As we see in the plot above, the decay rate varies at different values of \(\beta\) and also in relation to the distance between points. How then, do we select the appropriate \(\beta\) in a model like this? There are a few ways to address this question depending on data availability and the nature of the issue such networks are being used to address. First, do we have some independent measure of network flow among our sites? For example, perhaps we could take information on the number or diversity of trade wares recovered at each site. We might expect sites with greater flow to have higher numbers or more diverse trade ware assemblages. We could evaluate this proposition using regression models and determine which \(\beta\) provides the best fit for the data and theory. Often, however, when we are working with simple gravity models we have somewhat limited data and cannot make such direct comparisons. It is possible that we have a theoretical expectation for the shape of the decay curve as shown above (note that distances could also be things like costdistance here so perhaps we have a notion of maximal travel times or a caloric budget for movement) and we can certainly factor that into our model. As we will see below, however, there are alternatives to the simple gravity model that provide additional avenues for evaluating model fit.
9.2 The Rihll and Wilson “Retail” Model
One of the most popular extensions of the gravity model in archaeology was published by Rihll and Wilson in 1987 for their study of Greek city states in the 9th through 8th centuries B.C. They used a spatial interaction model that is sometimes called the “retail” model. This approach was originally designed for assessing the likely flows of resources into retail shops and how that can lead to shop growth/increased income and the establishment of a small number of supercenters that receive a large share of the overall available flow (often at the expense of smaller shops). When thinking about this model in a settlement context, the “flows” are people and resources and the growth of highly central nodes in the network is used to approximate the development of settlement hierarchy and the growth of large settlement centers.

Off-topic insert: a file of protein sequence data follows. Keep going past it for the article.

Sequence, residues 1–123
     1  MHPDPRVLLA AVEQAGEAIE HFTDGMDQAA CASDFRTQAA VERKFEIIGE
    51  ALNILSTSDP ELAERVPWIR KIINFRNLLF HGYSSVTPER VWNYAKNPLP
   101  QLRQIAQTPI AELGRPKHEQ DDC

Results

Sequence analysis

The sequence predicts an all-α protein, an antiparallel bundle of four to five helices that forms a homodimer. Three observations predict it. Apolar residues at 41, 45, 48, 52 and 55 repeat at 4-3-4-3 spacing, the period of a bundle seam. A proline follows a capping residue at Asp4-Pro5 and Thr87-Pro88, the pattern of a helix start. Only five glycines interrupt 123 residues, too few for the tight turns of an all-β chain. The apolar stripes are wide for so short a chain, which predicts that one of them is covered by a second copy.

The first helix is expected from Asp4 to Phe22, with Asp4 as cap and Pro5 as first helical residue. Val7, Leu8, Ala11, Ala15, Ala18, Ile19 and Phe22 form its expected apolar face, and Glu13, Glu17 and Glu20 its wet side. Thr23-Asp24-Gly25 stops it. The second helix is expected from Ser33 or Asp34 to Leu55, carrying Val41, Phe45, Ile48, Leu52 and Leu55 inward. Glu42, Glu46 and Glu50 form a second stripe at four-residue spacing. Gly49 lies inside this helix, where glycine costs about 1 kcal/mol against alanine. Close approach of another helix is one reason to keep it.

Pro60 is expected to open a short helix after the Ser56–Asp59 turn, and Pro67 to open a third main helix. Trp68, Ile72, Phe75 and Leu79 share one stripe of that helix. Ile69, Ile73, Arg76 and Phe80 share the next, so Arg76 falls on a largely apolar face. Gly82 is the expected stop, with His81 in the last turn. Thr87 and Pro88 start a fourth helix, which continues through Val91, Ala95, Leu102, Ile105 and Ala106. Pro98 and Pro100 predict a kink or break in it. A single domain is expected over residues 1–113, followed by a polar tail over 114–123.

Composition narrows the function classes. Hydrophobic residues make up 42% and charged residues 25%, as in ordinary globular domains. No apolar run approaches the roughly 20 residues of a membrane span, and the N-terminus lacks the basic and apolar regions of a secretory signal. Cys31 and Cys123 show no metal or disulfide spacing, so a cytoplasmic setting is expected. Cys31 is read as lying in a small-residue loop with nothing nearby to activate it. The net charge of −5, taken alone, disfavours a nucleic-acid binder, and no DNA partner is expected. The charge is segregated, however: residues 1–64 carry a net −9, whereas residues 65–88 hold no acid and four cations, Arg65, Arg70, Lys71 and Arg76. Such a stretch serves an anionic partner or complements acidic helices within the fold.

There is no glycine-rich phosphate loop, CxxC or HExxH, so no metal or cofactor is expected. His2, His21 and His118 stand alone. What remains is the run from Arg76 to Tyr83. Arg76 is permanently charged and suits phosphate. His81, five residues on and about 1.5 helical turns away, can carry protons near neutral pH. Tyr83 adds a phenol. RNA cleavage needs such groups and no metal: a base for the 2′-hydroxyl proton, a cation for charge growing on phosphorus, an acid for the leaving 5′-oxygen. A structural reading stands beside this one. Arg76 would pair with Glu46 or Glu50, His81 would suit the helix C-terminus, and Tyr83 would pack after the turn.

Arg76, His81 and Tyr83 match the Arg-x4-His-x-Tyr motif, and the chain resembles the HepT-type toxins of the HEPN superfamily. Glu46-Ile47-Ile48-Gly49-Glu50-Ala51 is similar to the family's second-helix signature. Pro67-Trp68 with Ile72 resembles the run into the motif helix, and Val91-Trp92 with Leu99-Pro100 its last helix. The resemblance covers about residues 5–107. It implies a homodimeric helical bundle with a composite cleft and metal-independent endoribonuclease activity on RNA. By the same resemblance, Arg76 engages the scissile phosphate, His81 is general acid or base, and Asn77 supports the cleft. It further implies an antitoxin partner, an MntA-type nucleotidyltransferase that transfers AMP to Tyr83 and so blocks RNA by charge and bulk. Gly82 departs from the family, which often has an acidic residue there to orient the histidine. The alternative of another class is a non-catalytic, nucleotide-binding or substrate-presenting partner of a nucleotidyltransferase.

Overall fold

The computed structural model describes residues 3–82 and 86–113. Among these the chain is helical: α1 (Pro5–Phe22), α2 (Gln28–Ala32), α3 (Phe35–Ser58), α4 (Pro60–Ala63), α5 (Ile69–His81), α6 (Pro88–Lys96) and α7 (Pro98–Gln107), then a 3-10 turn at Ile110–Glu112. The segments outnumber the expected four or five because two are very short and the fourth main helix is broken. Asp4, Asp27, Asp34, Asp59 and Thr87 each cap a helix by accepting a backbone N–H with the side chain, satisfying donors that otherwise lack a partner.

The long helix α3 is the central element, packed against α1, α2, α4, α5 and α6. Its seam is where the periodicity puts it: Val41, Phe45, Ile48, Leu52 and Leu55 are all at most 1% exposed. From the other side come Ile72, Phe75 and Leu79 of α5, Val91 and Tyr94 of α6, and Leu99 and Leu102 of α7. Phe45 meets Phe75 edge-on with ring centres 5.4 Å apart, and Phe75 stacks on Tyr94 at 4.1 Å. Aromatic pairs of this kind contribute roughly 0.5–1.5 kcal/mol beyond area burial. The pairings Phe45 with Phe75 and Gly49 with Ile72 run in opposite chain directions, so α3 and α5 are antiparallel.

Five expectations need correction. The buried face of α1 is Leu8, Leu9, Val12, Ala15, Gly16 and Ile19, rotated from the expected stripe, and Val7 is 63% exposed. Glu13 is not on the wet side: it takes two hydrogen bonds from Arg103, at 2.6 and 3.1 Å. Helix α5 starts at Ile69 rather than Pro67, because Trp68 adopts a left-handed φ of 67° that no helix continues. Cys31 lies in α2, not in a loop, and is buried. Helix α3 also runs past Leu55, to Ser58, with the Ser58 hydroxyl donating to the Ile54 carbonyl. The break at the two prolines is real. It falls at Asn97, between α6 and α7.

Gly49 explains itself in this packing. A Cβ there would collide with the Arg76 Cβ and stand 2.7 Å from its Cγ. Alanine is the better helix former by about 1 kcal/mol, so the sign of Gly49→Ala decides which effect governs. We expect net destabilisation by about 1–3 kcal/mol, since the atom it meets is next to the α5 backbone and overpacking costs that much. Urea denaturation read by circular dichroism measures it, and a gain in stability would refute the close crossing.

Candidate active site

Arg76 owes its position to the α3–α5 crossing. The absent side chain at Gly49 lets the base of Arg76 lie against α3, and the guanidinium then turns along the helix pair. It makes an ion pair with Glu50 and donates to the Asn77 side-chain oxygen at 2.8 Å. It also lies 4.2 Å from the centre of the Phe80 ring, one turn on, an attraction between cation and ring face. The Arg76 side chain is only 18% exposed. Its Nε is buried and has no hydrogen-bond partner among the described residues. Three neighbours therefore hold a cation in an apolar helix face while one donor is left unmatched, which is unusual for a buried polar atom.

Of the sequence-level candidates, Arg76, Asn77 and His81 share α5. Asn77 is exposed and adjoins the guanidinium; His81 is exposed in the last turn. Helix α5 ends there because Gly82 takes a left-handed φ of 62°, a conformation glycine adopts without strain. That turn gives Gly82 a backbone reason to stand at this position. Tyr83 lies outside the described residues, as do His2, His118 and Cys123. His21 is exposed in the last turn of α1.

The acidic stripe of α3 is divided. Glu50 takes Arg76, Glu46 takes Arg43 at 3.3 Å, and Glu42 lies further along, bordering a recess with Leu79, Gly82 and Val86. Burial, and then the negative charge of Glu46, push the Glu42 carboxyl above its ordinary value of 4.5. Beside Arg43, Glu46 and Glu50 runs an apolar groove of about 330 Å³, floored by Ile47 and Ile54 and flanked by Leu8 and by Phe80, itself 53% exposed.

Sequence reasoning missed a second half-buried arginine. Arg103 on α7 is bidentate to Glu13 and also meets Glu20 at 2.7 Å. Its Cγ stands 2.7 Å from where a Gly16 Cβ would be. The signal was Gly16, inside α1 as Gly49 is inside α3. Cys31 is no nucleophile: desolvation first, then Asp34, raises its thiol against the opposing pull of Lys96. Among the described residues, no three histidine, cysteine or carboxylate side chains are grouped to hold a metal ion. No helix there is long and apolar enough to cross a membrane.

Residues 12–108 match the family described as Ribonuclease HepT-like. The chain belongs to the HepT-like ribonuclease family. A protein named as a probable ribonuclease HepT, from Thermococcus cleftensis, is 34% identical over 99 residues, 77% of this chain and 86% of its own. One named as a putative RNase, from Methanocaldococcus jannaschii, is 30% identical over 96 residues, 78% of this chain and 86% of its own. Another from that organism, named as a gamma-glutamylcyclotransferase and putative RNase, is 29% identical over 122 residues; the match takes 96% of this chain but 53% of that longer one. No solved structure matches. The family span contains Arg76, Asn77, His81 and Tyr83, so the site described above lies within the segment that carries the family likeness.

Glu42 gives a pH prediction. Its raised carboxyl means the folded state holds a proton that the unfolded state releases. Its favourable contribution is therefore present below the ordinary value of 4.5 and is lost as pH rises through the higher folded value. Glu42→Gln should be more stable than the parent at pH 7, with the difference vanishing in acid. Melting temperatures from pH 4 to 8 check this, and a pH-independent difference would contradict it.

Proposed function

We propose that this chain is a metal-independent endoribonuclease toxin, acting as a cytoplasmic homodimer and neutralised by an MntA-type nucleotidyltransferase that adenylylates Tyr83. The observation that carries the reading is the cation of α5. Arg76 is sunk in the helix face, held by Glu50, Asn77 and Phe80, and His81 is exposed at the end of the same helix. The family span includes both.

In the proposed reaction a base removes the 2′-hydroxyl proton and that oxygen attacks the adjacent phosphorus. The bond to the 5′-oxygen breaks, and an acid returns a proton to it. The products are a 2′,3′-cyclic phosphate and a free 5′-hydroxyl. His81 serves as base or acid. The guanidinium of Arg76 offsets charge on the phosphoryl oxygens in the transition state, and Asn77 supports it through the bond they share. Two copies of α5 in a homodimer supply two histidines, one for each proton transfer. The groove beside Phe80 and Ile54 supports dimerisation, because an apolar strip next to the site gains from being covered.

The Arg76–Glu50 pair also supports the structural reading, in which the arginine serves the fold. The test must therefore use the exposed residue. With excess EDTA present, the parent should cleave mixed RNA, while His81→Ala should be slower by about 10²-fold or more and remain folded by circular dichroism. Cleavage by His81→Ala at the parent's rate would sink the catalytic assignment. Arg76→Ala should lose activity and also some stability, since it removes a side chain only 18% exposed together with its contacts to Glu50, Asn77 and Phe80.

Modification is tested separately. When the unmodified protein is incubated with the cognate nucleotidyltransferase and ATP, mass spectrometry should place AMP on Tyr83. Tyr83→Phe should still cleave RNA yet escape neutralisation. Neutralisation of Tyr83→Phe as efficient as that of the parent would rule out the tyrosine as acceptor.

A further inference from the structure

One of the big advantages of this model is that it only requires the locations of origins and destinations and some measure of the cost of movement among sites. From that, an iterative approach is used to model the growth or decline of nodes based on their configurations in cost space and a couple of user provided parameters. Versions of this model have been used in a number of archaeological studies (e.g., Bevan and Wilson 2013; Evans and Rivers 2016; Filet 2017; Rihll and Wilson 1987). Here we present a version of the model inspired by the recent work by these scholars. The code below was based in part on an R function created as part of an ISAAKiel Summer School program.
Let’s first formally describe the Rihll and Wilson model. The model of interaction \(T_{ij}\) among a set of sites \(k\) can be represented as:
\[T_{ij} = \frac{O_iW_j^\alpha e^{\beta c_{ij}}}{\Sigma_k W_k^\alpha e^{\beta c_{jk}}}\]
where
 \(T_{ij}\) is the matrix of flows or interaction between nodes \(i\) and \(j\) (which may or may not be the same set)
 \(O_i\) is the estimated weight of flow or interaction out of the origins \(i\)
 \(W_j\) is the estimated weight of flow or interaction into the destinations \(j\). In most archaeological applications, this is used to represent some measurement of settlement size.
 \(\alpha\) is a parameter which defines the importance of resource flow into destinations. Numbers greater than 1 essentially model increasing returns to scale for every unit of flow.
 \(e^{\beta c_{ij}}\) is the “deterrence” function where \(e\) is an exponential (\(exp(\beta c_{ij})\)), \(c_ij\) is a measure of the cost of travel between nodes \(i\) and \(j\) and \(\beta\) is the decay parameter that describes the rate of decay in interaction at increasing distance.
 \(\Sigma_k W_k^\alpha e^{\beta c_{jk}}\) is the sum for all nodes \(k\) of the expression using the \(W_j\), \(\alpha\), and deterrence function terms as described above.
In the case here (and in many archaeological examples) we start with a simple naive assumption of flow by setting all values of \(O\) and \(W\) equal to 1. Our goal, indeed, is to estimate \(W\) for all nodes iteratively. In order to do this after each calculation of \(T_{ij}\) we calculate two new values \(D_j\) and \(\Delta W_j\) defined as: